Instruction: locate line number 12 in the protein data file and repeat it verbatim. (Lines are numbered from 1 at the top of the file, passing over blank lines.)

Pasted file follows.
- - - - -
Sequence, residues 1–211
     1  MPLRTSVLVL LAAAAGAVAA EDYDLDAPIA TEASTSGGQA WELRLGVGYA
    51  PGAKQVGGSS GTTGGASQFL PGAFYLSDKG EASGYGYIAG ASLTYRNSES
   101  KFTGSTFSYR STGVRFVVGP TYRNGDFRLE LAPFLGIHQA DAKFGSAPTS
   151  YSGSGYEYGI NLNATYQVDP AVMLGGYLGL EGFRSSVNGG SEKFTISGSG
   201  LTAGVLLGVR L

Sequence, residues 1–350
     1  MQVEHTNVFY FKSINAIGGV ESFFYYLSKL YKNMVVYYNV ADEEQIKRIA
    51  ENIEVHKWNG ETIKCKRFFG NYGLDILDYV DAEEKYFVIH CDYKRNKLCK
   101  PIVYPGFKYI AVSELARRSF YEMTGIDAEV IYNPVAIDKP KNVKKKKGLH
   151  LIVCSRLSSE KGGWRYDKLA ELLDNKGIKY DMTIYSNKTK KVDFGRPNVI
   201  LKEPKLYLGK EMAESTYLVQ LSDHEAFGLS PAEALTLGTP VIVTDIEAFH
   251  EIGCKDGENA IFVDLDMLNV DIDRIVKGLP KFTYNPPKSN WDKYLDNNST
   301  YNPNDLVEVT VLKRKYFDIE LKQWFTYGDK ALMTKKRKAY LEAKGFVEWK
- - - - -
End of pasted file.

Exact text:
   201  LKEPKLYLGK EMAESTYLVQ LSDHEAFGLS PAEALTLGTP VIVTDIEAFH